From classical dendrimer to amphiphilic dendrimer
Classical dendrimers are globular unimolecular species containing a core, multiple branching points and a single type of end group constituting their peripheral functionality. They are highly branched and well-defined polymers with precise characteristics resembling small vesicles. Their development in the fields of nanotechnology and materials sciences is considered a milestone in the engineering of macromolecules with a nanometric size (1-10 nm) allowing for passive targeting effects, that reduce the nonspecific toxicity of the drugs carried. Consequently, dendrimers have found a place as nanocarriers in the biomedical development of drug, gene or imaging delivery systems, as well as in tissue targeting, tumor therapy and diagnostics. Some of them are drugs per se.
Nevertheless, classical dendrimers are presenting several limitations; complex synthesis, organism’s rapid systemic clearance, significant toxicological issues depending on dendrimer generation, charges, and fragment accumulation, poor drug loading or difficulty to achieve a controlled drug release.
Therefore, the last decade, attention has been paid to smallest biocompatible dendritic structures (e.g dendrons, amphiphilic dendrimers) that present the advantage of moieties multivalence targeted presentation, and are more easily manageable and synthetically accessible.
Dendrons because they are molecules containing a functionalized branch with targeted end groups, and a focal point for possible conjugation with bioactive moieties, resulting in the formation of branched hybrid macromolecules whose biological activity is potentially enhanced by targeted multivalent presentation favoring supramolecular dynamics of interaction with complex biological systems.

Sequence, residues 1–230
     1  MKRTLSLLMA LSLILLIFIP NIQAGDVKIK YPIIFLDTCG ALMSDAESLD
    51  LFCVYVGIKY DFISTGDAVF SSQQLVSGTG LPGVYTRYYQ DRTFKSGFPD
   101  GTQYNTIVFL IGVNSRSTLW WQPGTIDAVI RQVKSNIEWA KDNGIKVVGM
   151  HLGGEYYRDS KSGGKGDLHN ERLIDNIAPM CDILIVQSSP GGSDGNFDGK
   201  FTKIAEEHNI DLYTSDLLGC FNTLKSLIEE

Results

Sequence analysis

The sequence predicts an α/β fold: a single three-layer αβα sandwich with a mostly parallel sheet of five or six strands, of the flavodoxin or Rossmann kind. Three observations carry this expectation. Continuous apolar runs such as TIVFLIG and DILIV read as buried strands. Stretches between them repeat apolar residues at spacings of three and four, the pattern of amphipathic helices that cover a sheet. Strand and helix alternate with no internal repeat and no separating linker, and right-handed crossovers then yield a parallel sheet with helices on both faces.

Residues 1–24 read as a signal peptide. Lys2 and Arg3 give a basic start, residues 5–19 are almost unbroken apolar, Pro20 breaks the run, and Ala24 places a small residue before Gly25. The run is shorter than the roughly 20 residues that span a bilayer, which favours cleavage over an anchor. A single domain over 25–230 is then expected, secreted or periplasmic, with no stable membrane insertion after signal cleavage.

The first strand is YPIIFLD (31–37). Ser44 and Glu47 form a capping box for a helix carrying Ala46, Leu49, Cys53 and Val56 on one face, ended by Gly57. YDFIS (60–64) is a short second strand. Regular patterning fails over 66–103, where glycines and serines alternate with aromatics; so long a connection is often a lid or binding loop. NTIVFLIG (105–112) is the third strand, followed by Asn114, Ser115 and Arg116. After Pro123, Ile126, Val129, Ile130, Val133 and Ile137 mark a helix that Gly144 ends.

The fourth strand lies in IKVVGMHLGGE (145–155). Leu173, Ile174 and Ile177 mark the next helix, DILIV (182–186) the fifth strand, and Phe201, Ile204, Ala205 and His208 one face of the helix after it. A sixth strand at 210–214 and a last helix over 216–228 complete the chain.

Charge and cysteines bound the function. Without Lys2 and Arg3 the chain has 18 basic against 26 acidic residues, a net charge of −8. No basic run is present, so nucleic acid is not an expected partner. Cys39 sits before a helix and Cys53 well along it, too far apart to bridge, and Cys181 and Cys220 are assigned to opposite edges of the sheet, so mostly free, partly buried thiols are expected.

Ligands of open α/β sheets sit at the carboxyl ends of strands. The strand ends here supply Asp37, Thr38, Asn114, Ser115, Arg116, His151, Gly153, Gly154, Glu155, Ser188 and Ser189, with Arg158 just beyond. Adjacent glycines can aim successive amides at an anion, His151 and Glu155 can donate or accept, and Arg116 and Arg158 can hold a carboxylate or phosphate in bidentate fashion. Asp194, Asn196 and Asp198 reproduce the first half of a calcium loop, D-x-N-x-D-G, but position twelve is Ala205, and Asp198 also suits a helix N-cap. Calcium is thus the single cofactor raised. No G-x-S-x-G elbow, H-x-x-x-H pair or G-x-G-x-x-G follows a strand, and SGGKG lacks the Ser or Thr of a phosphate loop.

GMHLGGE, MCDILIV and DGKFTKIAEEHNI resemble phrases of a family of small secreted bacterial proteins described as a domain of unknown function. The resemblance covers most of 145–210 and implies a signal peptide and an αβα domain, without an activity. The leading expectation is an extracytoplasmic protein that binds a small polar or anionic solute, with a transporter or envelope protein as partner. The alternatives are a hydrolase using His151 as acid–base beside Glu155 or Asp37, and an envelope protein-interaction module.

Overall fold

Amphiphilic dendrimers because they are branched bi-functionalized molecules possessing self-assembly properties that allow the formation of largest non-covalent supramolecular structures mimicking globular covalent dendrimers, or because they can become components of other artificial complex highest nanosystems (e.g., liposomes, cubosomes, polymersomes, nanoemulsions, microemulsion) that with a plethora of applications in the neutra/pharmaceutical industry.
From classical to biocompatible glycodendrimers
Carbohydrates play a vital role through their interactions with lectins, which are specific carbohydrate binding proteins prevalent in living organisms implicated in intercellular recognition events such as cell adhesion and migration, cell differentiation and apoptosis, and infection by viral, parasitic and bacterial pathogens.
Lectins are usually aggregated into oligomeric structures which can also dissociate into dimers or monomers on whose surface a binding pocket is located. This provides a suitable arrangement for high affinity multivalent binding to suitable carbohydrate analogs.
Current interest in the development of potential pharmaceuticals based on carbohydrate-lectin interactions has led to the synthesis of glycoconjugate compounds such as glycodendrimers with a multivalent carbohydrate periphery that confers a capacity of binding to biological macromolecules such as lectins via multiple and simultaneous non-covalent H-bonding interactions. These cooperative interactions confer high binding affinity and specificity to the carbohydrate-ligand complexes typically required to mediate the essential biological processes mentioned above and such compounds are foreseen to have a wide range of potential applications such as anti-adhesion drugs, drug delivery systems, functional antigens or anti-tumor vaccines.